Using SDG 6 Policy Support System to facilitate countries in Asia for water-related sustainable development

Using SDG 6 Policy Support System to facilitate countries in Asia for water-related sustainable development

Effective planning and policy implementation through strengthening and realigning enabling environments are critical to driving success in achieving SDG 6. However, evidence and appropriate data for policymakers and development actors to make this happen is missing, overlapping or even fragmented in most countries in Asia regions.

To address the challenge of policymaking under data-limited conditions, UNU-INWEH and partners – the UN Office for Sustainable Development (UNOSD), the Korea Environment Corporation (K-eco), the Ministry of Environment, Republic of Korea, and national partners from Ghana, Tunisia, Pakistan and Costa Rica – worked together from 2016 to 2018 within the framework of a joint project ‘Water in the World We Want’ and developed the SDG 6 Policy Support System (SDG-PSS). This tool provides a ‘fit-for-policy’ evidence framework for collaborative planning to develop and implement water-related policies for strengthening the enabling environment for achieving SDG 6.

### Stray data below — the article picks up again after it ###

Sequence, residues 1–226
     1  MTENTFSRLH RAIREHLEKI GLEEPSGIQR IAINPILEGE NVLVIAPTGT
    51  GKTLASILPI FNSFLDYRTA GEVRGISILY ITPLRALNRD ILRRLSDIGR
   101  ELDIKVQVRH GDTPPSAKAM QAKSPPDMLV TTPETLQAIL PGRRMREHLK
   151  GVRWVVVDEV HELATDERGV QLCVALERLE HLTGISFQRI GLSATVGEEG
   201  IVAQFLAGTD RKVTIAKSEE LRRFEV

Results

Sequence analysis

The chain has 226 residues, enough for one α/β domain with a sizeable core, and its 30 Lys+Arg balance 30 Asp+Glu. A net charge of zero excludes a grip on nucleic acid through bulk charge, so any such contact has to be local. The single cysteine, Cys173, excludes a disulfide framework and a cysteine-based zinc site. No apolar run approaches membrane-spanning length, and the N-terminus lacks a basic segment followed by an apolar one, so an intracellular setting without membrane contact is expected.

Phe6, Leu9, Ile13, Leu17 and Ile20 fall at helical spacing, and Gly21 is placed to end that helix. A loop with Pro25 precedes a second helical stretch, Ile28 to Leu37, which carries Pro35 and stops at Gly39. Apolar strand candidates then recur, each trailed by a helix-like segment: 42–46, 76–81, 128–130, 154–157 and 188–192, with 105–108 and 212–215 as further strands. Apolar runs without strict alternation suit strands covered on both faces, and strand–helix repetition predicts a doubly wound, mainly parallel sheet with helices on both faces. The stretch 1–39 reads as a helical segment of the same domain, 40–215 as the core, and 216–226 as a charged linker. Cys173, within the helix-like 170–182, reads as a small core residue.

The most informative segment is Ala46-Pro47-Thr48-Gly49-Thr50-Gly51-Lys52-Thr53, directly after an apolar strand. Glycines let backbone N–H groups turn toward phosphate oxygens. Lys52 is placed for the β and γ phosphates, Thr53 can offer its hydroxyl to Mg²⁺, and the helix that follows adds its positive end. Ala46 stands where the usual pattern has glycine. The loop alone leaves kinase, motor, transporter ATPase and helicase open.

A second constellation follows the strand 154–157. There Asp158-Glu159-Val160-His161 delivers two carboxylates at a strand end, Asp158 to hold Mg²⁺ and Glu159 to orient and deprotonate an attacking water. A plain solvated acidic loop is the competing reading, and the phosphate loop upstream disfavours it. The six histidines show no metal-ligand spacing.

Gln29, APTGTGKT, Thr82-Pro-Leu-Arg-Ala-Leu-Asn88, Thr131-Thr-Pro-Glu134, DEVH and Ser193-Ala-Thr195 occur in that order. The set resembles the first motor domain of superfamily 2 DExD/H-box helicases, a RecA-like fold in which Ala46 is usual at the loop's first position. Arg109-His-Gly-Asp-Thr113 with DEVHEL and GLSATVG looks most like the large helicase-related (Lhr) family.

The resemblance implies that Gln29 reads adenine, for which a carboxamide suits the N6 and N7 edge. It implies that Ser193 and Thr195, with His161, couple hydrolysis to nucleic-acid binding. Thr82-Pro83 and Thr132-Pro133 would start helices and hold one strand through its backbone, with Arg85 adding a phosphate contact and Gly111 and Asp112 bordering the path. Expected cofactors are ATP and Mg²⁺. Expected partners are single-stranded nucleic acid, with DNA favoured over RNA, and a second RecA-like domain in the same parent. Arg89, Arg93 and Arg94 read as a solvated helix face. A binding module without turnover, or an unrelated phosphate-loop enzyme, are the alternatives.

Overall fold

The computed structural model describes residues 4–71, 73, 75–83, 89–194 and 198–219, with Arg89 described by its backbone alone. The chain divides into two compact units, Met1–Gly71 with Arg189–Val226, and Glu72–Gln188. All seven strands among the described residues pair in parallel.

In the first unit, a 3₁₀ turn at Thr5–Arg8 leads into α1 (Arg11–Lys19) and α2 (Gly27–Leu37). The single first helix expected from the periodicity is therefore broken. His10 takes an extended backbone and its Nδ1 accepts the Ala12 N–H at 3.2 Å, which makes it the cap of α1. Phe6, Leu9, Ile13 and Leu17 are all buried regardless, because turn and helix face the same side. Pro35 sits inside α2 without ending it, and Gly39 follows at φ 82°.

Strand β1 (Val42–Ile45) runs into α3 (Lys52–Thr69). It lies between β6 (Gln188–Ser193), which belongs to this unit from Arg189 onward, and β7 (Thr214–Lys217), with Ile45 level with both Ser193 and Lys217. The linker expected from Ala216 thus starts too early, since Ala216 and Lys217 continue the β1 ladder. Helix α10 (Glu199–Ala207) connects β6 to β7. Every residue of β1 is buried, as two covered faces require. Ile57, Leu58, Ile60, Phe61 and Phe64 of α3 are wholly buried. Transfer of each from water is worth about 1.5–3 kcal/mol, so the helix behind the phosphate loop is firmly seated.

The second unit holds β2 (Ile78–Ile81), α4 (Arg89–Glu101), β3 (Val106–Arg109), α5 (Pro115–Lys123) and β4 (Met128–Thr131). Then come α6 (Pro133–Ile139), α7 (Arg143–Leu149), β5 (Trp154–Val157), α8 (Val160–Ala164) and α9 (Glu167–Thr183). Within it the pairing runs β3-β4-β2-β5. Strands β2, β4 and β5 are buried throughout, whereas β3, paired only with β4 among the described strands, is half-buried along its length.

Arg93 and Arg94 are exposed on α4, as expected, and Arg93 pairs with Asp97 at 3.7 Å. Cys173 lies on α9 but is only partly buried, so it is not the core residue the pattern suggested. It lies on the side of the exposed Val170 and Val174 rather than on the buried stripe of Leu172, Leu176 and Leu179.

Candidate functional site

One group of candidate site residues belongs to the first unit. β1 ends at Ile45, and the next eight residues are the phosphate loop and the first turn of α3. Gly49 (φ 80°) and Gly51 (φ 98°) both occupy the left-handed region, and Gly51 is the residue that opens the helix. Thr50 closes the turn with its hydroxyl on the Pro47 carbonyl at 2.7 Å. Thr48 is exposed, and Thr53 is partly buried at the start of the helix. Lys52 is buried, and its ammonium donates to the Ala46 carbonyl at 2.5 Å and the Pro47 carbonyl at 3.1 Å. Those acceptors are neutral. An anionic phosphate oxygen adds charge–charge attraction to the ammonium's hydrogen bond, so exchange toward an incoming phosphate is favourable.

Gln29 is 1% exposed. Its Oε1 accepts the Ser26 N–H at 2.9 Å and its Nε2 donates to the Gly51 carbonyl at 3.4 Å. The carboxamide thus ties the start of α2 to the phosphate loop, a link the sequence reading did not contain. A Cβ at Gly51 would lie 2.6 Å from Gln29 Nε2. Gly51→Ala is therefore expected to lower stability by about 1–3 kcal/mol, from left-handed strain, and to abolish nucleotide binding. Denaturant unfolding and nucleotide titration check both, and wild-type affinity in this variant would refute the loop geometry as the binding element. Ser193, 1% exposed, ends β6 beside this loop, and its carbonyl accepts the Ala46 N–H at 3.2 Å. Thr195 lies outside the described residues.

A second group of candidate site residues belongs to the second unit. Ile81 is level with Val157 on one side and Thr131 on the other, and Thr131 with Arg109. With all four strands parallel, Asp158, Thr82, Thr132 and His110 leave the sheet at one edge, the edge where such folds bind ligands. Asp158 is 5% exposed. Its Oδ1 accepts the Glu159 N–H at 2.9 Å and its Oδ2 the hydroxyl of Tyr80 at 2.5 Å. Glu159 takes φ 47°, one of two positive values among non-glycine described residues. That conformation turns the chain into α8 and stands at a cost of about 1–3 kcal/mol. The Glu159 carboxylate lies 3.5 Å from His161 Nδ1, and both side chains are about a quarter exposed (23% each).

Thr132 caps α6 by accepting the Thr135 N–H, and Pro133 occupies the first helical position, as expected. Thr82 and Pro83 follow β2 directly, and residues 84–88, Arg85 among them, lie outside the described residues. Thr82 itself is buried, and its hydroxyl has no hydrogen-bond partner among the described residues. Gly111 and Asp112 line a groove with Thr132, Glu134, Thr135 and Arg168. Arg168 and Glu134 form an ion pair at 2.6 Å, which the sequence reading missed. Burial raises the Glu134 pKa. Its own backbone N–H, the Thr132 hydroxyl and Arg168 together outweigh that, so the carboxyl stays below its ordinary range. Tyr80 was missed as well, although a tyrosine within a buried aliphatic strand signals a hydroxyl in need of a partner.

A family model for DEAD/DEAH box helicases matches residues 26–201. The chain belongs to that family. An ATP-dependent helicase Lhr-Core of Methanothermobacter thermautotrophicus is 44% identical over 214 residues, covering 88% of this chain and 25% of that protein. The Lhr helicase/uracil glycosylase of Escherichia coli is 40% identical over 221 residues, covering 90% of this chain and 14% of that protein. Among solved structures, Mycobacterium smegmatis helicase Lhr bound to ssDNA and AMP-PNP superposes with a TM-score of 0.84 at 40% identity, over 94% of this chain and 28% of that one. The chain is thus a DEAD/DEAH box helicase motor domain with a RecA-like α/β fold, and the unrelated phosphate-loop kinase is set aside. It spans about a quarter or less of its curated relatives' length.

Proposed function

The project partners have moved to the second phase of the project in 2019 with the aim to extend the use of SDG-PSS to other UN Member States in different regions of the world. Addressing Asia region, UNU-INWEH and partners organized the workshop “Using SDG 6 Policy Support System (SDG-PSS) to facilitate countries in Asia for water-related sustainable development” in Daegu, Republic of Korea on 4-5 September 2019. Water professionals, experts and policymakers from different countries in Asia discussed how the SDG-PSS can be used to produce critical evidence on the enabling environment of SDG 6.

Among the key takeaways of the workshop, the workshop participants agreed that building regional cooperation would be key to success in promoting SDG-PSS as a tool for strengthening the enabling environments of SDG 6 in Asia region. Countries that are now engaging in the implementation and use of SDG-PSS can rely on two regional hub countries – Republic of Korea and Pakistan – for support and knowledge exchange. Participants also associated the tool to ‘modern-thinking’ approaches in using data to generate evidence for SDG 6 and highlighted the importance of nominating a national focal point for implementation and use of the tool.


The SDG Project workshop welcomed participants from Armenia, Bangladesh, Cambodia, Iran, Pakistan, Mongolia, Sri Lanka, Tajikistan, Turkey, Viet Nam, and the host country, Republic of Korea, along with representatives from UN organizations (UNU-INWEH, UNOSD, UN-Water).

The SDG-PSS is a user-friendly free system available online in English and French. A free web-based course is also available to provide training for systematic use of the tool. The SDG-PSS e-course can be accessed through the Water Learning Centre.